It’s not hard to find a young person who knows social media like the back of their hand — or cracked iPhone screen. What’s not so common, though, is someone who has established a career and gained a massive following from a social media app that only lets you post videos in six-second increments.
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Jay Versace has done just that — and he’s not even 20 years old.
Versace first blew up on Vine, but before he found himself with over 2 billion loops from his comedic sketches and now-distinctive facial expressions and wigs, he never expected he would one day earn a living making other people laugh.
Versace had other plans in mind. But for that, you’ll just have to keep on reading.
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AwesomenessTV: Did you always know you wanted to work in comedy?
Jay Versace: No. I actually thought I was going to be a photographer, or an artist or something. I never thought about comedy ever.
ATV: What about when you got your start on Vine?
JV: It just randomly happened. I was just like, “Okay, let’s just see where it goes,” and it went far.
ATV: When did people at school start to recognize your Vine success?
JV: World Star Hip Hop is this website where all the viral videos go, and one of my videos was on World Star. I went into school one day, and literally people were walking into me like, “We seen you! We seen you! What were you doing on World Star?” and I was just sitting there like, “Wait, what?” From there it was just like, from people at school to people when I went to the mall [recognizing me]. Just crazy.
ATV: Who were your comedic influences growing up?
JV: Rickey Smiley, Will Smith, Tyler Perry, and Eddie Murphy. I still go to their films and stuff for motivation because it’s so refreshing looking at them, at their stuff.
ATV: Last year The New York Times mentioned you and your career a lot in a piece about black comedy losing its home when Vine shut down. What do you think about that?
JV: I liked it because I felt like at least I’m getting appreciation for what I did do. I’d already told everybody, “I think Vine’s not going to be here for a while and everybody should go switch. If you want to still watch my videos, switch to blah, blah, blah.” And everybody did, it was very smooth; I feel like I still have the same fan base [on Instagram that I did on Vine]. So when I saw that article I was like, “This is appreciation for what was.”
ATV: What’s the best part about what you do?
JV: The fact that I can just be myself and literally change the world. Like people just want to see somebody living their life and getting through things and relating to other people and having fun at the same time. And that’s all I’m doing and that’s the best part about it, like I don’t have to put any work in, like nothing’s really hard.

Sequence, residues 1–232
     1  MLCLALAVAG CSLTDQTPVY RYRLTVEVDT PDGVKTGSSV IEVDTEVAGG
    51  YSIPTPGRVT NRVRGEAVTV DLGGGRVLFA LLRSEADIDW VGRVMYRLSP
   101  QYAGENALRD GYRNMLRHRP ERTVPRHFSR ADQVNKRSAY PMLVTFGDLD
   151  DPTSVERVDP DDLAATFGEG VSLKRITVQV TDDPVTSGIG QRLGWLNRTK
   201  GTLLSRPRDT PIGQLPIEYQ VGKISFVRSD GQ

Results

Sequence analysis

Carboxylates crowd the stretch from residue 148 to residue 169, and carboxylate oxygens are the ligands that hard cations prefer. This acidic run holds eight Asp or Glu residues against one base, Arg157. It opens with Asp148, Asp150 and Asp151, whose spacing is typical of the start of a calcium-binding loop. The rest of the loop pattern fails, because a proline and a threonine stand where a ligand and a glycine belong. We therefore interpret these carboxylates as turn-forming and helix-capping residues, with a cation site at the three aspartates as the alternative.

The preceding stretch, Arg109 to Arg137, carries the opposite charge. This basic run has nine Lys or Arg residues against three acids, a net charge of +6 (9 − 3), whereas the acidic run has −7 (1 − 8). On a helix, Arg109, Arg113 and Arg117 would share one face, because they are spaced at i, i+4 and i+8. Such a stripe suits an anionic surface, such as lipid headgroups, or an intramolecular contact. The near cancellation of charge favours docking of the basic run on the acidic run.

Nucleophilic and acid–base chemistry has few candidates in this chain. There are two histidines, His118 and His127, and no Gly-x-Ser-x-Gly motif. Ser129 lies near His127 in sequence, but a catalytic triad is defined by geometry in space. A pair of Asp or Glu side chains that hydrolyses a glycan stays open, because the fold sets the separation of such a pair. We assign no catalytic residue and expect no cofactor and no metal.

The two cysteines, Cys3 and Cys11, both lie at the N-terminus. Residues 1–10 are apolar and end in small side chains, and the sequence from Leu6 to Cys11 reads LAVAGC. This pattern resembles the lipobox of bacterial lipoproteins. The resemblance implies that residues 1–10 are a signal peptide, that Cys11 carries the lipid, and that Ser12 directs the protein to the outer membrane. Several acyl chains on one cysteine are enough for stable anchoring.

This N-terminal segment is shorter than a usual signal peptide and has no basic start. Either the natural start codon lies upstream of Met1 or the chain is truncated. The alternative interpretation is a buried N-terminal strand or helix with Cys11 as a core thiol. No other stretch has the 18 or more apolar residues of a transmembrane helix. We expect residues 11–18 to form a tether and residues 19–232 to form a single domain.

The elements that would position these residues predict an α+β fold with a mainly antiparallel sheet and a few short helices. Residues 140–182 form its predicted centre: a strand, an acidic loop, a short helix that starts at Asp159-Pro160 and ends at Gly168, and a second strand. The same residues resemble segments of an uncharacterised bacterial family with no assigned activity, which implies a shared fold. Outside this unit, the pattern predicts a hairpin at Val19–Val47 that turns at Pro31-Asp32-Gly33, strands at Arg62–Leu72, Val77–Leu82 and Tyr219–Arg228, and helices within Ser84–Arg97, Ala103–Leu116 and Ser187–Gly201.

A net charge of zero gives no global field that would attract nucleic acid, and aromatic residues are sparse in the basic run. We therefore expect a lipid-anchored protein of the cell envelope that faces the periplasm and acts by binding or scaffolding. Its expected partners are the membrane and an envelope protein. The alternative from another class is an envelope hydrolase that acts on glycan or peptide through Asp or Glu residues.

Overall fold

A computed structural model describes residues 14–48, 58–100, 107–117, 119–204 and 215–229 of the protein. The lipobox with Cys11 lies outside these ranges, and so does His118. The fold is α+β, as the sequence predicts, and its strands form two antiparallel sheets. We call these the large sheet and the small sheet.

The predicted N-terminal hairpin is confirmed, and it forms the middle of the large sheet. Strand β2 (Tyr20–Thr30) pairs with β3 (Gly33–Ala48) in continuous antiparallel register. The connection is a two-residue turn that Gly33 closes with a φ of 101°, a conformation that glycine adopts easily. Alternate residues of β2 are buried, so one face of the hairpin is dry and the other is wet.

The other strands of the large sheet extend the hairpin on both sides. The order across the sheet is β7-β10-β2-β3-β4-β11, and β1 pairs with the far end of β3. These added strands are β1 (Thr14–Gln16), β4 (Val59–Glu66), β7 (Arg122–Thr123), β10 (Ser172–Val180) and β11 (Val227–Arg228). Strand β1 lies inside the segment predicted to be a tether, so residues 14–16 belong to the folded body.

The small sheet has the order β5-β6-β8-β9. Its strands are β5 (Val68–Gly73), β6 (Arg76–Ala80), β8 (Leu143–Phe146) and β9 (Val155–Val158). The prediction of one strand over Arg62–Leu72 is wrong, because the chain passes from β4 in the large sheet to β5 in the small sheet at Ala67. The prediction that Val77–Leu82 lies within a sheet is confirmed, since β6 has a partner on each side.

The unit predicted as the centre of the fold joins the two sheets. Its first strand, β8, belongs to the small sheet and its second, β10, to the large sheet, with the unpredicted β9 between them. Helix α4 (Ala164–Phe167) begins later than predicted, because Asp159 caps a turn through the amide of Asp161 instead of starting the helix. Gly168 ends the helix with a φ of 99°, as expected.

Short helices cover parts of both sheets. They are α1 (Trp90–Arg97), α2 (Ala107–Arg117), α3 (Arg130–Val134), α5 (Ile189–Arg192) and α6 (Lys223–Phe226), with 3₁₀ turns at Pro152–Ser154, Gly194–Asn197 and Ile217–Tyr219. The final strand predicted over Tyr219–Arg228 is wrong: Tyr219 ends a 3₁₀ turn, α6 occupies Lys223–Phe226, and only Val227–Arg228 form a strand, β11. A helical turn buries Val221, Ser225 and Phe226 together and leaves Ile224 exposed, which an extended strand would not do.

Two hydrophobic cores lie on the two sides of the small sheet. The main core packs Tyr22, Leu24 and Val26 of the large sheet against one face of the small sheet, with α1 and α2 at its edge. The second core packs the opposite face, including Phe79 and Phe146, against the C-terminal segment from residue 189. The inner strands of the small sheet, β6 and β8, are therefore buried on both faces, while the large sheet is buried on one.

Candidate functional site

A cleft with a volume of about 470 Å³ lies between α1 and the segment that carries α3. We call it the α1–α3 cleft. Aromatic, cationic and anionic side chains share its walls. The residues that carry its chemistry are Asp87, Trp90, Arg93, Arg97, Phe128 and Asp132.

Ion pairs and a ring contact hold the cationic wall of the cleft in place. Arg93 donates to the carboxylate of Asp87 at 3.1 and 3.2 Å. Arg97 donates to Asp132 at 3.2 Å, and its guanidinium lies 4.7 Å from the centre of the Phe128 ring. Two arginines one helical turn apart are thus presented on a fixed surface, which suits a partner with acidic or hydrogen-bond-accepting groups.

ATV: Since you started on Vine, how have you seen the digital world change? Is there anything you wish was different?
JV: I feel like there’s a lot of creative, talented people that came from Vine and Instagram. There’s a lot of really good actors that came from these apps. I feel like they should have more opportunities, and I just feel like the right people aren’t getting the opportunities and the people who are actually putting all the work in there are not getting credibility. I just feel like the people who work in TV and all those things, they should start integrating more creators than they already do.
ATV: Do you think there should be more of a merge between traditional media and what’s going on in the digital world?
JV: They’re already starting to do it, but I just feel like I see so many talented people and I’m just wishing the best for them. I’m like, “I really hope you get far.” There’s a lot of crazy, different, unique personalities on the internet, and we need fresh faces in the acting world. So why not, ya know?
ATV: What’s the best piece of advice you’ve ever gotten?
JV: The best piece of advice that I’ve ever gotten is when I saw my grandmom for the last time, when I was leaving New Jersey to [go to] L.A. by myself. I was 18 years old and I was scared out of my mind. I had seen her because my grandmom was really sick and she didn’t know that I was leaving; she didn’t understand.
I’m like, “Grandmom, I’m leaving, I’m going to be living in L.A. now,” and she’s basically telling me, “You better give it all you’ve got.” And every time I wanna give up I always think of that, ’cause she passed away so I’m always thinking about what she said. That’s one of the best pieces of advice because I use it whenever I’m sad.